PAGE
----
Identify Those Native Honey Bees – Winter workshop 2018

Newbattle Bee Academy – 17 Nov 2018

First of all, a note about the Bee Academy at Newbattle Acdemy: what a wonderful place for a workshop.  For those of you who haven’t visited, it’s a beautifully restored wooden hut, adjacent to the main college building, built for military purposes in the run up to WWII.  It’s now a cosy space – helped by the huge, well stacked wood burner! – well equipped for events such as this and home to an impressive library of bee-related materials.

The workshop itself combined talks on the characteristics of the native dark bee (Apis Mellifera Mellifera) and several techniques to identify and score samples of bees, followed by hands-on laboratory sessions. 

The lectures provided some excellent insights into the visual characteristics of AMM vs non-native species (Italian, Carniolan, Buckfast) and a detailed look at how to examine and interpret wing morphometry. 

In the afternoon, we were provided with microscopes, small hand-held magnifiers and plenty of sample bees and had the opportunity to practise the visual identification techniques, score the various attributes, ask questions and compare notes.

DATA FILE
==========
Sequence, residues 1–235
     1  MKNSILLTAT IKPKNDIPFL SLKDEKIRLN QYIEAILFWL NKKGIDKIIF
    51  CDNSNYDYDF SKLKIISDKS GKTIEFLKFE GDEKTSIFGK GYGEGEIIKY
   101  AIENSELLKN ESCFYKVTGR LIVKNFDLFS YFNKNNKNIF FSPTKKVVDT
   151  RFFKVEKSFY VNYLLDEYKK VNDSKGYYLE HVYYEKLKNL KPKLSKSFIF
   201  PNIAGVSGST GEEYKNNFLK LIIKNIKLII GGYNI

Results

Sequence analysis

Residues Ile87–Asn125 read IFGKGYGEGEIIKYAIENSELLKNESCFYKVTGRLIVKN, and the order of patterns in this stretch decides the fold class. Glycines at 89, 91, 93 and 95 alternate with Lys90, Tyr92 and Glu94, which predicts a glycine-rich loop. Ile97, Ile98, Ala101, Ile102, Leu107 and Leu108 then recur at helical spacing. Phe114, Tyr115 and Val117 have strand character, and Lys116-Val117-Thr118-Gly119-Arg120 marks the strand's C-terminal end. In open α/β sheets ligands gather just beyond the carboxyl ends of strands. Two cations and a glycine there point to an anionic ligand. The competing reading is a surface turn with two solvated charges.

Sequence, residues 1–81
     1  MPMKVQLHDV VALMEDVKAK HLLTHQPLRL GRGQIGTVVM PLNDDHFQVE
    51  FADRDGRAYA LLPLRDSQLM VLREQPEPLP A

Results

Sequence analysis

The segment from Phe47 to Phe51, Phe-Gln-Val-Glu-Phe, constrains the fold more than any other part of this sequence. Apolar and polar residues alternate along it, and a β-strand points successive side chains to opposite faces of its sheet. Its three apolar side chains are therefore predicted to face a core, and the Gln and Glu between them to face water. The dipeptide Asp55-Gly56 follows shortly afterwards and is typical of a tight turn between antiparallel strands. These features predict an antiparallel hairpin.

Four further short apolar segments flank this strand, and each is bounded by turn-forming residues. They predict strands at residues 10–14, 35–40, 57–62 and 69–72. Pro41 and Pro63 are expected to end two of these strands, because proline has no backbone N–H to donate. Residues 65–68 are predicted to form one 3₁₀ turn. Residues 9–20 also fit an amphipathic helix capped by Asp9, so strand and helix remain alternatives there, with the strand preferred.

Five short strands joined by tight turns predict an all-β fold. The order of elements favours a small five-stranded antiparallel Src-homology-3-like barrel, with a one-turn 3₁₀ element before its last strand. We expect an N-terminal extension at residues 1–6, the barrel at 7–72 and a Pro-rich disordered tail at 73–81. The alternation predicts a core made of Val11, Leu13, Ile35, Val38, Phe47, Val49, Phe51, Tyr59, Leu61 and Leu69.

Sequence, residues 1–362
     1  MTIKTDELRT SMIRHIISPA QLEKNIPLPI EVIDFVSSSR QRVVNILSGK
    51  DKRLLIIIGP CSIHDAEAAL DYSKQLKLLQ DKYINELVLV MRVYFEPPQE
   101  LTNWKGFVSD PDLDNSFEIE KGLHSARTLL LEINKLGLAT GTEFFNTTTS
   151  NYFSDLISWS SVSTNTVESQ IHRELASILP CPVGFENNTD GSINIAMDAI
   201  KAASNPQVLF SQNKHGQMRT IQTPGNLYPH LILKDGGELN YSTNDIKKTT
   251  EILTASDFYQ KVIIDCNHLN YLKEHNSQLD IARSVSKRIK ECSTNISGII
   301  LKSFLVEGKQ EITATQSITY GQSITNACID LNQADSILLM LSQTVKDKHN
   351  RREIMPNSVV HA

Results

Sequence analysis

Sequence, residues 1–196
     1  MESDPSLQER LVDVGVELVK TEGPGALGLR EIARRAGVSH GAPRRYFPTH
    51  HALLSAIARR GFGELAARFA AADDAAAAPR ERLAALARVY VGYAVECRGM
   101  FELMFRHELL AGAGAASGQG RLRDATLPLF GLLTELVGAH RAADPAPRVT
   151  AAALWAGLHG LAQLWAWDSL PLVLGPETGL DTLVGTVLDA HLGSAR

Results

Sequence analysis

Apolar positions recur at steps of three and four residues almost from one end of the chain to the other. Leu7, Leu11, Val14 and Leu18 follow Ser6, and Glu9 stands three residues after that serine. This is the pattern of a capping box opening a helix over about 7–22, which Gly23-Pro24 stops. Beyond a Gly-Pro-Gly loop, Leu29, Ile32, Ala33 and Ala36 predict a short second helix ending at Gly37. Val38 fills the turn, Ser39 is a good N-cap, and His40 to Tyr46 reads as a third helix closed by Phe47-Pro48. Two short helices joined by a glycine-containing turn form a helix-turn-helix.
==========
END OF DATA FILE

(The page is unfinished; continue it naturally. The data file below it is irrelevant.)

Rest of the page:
It was clear that identifying native honey bees is not straightforward, particularly with the number of hybridised bees around, and none of the methods we looked at should be used in isolation.  A good sample size is essential (30 bees was recommended) and the bees should be young, but not too young, and taken from close to the brood nest, to avoid sampling bees that have drifted into the colony.  

We also heard from two breeding groups, one in Ochil Hills and one in the Cheviots, about their programmes.  They are distinct in terms of scale, environment, organisation, queen rearing approaches and how long they’ve established, so it was fascinating (and encouraging) to hear about the different ways there are to establish successful breeding groups.  (As a result, the trustees have decided to run a series of articles by different breeding groups in upcoming newsletters). 

Of course, the workshop was also a great chance to meet fellow beekeepers, with around 24 attendees, including an encouraging number of new beekeepers.

Many thanks to the organiser and speakers – Kate Atchley, Gavin Ramsay, Jeff Baxter and John Durkacz – for sharing their time and knowledge.  They are currently processing feedback from attendees, so they can continue to develop the course and make future events even better.